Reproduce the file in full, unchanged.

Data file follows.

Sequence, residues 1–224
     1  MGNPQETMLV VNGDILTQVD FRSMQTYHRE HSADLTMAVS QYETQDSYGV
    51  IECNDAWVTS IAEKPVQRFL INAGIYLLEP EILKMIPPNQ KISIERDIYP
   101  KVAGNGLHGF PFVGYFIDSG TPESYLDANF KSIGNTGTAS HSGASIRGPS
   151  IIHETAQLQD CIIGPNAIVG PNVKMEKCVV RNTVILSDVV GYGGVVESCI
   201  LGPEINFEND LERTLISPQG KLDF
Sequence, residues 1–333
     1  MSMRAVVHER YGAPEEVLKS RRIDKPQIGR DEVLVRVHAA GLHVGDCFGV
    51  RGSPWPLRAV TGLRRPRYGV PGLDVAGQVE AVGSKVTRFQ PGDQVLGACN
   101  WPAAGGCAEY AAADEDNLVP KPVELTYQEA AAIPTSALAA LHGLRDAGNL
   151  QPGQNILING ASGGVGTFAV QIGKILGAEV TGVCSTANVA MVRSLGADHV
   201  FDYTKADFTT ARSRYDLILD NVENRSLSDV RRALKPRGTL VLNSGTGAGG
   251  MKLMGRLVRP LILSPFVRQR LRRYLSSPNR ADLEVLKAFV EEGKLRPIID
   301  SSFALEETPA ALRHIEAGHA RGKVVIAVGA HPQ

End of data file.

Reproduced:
Sequence, residues 1–224
     1  MGNPQETMLV VNGDILTQVD FRSMQTYHRE HSADLTMAVS QYETQDSYGV
    51  IECNDAWVTS IAEKPVQRFL INAGIYLLEP EILKMIPPNQ KISIERDIYP
   101  KVAGNGLHGF PFVGYFIDSG TPESYLDANF KSIGNTGTAS HSGASIRGPS
   151  IIHETAQLQD CIIGPNAIVG PNVKMEKCVV RNTVILSDVV GYGGVVESCI
   201  LGPEINFEND LERTLISPQG KLDF
Sequence, residues 1–333
     1  MSMRAVVHER YGAPEEVLKS RRIDKPQIGR DEVLVRVHAA GLHVGDCFGV
    51  RGSPWPLRAV TGLRRPRYGV PGLDVAGQVE AVGSKVTRFQ PGDQVLGACN
   101  WPAAGGCAEY AAADEDNLVP KPVELTYQEA AAIPTSALAA LHGLRDAGNL
   151  QPGQNILING ASGGVGTFAV QIGKILGAEV TGVCSTANVA MVRSLGADHV
   201  FDYTKADFTT ARSRYDLILD NVENRSLSDV RRALKPRGTL VLNSGTGAGG
   251  MKLMGRLVRP LILSPFVRQR LRRYLSSPNR ADLEVLKAFV EEGKLRPIID
   301  SSFALEETPA ALRHIEAGHA RGKVVIAVGA HPQ